[swift-evolution] [Request for Feedback] Providing defaults for <Codable> reading and writing.

William Shipley wjs at mac.com
Mon Jul 10 18:56:51 CDT 2017

Automatic substitution / removal of default values is very useful when reading or writing a file, respectively, and should be supported by the <Codable> family of protocols and objects:

• When reading, swapping in a default value for missing or corrupted values makes it so hand-created or third-party-created files don’t have to write every single value to make a valid file, and allows slightly corrupted files to auto-repair (or get close, and let the user fix up any data that needs it after) rather than completely fail to load. (Repairing on read creates a virtuous cycle with user-created files, as the user will get _some_ feedback on her input even if she’s messed up, for example, the type of one of the properties.)

• When writing, providing a default value allows the container to skip keys that don’t contain useful information. This can dramatically reduce file sizes, but I think its other advantages are bigger wins: just like having less source code makes a program easier to debug, having less “data code” makes files easier to work with in every way — they’re easier to see differences in, easier to determine corruption in, easier to edit by hand, and easier to learn from.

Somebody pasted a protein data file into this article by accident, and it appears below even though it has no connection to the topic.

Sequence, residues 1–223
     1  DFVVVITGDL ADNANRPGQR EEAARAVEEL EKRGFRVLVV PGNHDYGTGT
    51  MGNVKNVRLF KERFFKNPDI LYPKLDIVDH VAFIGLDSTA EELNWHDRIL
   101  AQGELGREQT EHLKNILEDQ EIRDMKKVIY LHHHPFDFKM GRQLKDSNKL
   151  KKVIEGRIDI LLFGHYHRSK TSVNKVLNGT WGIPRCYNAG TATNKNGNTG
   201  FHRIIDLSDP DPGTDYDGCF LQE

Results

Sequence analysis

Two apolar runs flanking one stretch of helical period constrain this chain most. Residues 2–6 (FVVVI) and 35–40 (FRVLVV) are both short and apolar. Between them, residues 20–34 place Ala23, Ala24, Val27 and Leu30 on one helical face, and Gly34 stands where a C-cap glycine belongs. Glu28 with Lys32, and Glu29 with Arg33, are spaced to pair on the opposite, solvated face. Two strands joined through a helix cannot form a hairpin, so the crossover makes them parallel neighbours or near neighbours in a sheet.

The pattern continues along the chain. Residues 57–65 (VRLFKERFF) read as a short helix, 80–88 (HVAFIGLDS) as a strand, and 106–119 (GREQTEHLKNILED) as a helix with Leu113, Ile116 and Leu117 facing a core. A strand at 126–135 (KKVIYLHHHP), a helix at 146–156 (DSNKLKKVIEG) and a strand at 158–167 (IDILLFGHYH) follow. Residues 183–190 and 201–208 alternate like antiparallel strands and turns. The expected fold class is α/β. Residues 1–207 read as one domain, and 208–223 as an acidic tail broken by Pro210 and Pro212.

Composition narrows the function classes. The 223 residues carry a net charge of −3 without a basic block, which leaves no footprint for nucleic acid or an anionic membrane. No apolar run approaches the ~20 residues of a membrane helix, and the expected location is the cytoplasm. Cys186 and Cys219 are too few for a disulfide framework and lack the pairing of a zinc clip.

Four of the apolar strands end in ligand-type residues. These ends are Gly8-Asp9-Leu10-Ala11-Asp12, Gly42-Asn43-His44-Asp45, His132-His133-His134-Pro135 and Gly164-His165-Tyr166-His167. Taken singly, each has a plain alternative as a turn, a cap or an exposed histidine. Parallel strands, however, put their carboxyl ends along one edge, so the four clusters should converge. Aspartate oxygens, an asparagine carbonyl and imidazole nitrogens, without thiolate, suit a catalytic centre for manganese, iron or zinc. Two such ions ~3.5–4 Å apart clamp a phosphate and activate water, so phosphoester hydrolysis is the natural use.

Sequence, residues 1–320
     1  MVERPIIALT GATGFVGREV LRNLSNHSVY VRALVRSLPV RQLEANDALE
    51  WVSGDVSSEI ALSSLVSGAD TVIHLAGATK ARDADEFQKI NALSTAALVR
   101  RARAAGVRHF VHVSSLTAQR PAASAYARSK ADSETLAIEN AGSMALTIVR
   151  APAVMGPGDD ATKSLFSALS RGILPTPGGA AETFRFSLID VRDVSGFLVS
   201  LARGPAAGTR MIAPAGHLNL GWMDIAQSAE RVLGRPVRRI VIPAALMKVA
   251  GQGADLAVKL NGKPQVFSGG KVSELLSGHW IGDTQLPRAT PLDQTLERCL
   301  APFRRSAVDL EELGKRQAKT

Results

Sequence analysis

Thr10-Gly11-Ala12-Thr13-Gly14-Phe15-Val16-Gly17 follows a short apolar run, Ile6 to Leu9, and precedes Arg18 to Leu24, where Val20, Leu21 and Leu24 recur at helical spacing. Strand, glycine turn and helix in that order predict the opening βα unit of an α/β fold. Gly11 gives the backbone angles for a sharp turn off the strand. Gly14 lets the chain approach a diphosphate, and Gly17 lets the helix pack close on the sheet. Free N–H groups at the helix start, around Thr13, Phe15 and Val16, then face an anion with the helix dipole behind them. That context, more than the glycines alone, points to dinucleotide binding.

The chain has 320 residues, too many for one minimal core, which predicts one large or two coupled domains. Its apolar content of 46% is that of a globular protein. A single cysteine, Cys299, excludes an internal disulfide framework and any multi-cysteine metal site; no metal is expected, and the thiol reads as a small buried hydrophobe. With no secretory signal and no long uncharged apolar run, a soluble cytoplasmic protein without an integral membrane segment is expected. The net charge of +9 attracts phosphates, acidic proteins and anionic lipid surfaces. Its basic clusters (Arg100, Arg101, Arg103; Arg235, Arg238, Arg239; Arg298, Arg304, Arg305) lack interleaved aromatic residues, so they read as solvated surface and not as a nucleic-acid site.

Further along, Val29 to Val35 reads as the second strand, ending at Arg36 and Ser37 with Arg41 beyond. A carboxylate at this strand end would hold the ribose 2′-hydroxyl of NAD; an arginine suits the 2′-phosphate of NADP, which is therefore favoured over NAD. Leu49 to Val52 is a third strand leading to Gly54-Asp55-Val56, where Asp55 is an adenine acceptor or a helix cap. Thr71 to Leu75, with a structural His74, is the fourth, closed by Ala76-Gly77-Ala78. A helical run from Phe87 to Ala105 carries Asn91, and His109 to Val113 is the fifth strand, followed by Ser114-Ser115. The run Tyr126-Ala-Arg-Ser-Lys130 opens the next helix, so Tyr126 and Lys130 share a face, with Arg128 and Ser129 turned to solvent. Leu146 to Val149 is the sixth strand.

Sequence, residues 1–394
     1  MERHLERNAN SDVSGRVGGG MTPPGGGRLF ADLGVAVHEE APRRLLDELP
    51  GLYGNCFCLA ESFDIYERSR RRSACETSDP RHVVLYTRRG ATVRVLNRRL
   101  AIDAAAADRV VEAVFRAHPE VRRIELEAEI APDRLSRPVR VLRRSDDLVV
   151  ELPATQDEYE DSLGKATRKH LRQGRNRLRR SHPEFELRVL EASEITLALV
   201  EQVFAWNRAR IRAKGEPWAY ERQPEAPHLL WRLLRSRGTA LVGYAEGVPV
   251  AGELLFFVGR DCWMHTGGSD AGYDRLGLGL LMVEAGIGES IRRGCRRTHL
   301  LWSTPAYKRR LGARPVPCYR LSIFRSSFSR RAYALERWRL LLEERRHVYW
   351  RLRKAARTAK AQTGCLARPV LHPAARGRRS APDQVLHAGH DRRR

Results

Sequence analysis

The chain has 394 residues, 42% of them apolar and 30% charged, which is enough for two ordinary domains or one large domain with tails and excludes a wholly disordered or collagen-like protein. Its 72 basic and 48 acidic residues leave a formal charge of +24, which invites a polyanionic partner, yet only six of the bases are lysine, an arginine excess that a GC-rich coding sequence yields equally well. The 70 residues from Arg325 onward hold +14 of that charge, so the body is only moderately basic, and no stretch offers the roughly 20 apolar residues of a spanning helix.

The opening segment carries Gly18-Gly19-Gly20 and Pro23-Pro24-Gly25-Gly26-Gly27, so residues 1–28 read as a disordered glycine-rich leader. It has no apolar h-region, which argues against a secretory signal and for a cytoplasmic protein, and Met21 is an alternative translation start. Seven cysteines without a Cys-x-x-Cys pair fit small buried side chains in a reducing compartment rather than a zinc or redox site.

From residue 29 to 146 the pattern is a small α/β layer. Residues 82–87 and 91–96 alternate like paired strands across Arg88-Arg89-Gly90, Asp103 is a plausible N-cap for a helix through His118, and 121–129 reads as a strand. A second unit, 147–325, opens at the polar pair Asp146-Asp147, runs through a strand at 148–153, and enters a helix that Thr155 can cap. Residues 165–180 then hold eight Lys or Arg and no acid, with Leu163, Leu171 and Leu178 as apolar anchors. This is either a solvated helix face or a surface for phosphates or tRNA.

My first pass attempt at adding defaults to Codable looks like this:

public class ReferencePieceFromModel : Codable {

    // MARK: properties
    public let name: String = ""
    public let styles: [String] = []

    // MARK: <Codable>
    public required init(from decoder: Decoder) throws {
        let container = try decoder.container(keyedBy: CodingKeys.self)

        self.name = container.decode(String.self, forKey: .name, defaults: type(of: self).defaultsByCodingKey)
        self.styles = container.decode([String].self, forKey: .styles, defaults: type(of: self).defaultsByCodingKey)
    public func encode(to encoder: Encoder) throws {
        var container = encoder.container(keyedBy: CodingKeys.self)

        try container.encode(name, forKey: .name, defaults: type(of: self).defaultsByCodingKey)
        try container.encode(styles, forKey: .styles, defaults: type(of: self).defaultsByCodingKey)
    private static let defaultsByCodingKey: [CodingKeys : Any] = [
        .name : "",
        .styles : [String]()

    // MARK: private
    private enum CodingKeys : String, CodingKey {
        case name
        case styles

With just a couple additions to the Swift libraries:

extension KeyedDecodingContainer where Key : Hashable {
    func decode<T>(_ type: T.Type, forKey key: Key, defaults: [Key : Any]) -> T where T : Decodable {
        if let typedValueOptional = try? decodeIfPresent(T.self, forKey: key), let typedValue = typedValueOptional {
            return typedValue
        } else {
            return defaults[key] as! T

extension KeyedEncodingContainer where Key : Hashable {
    mutating func encode<T>(_ value: T, forKey key: Key, defaults: [Key : Any]) throws where T : Encodable & Equatable {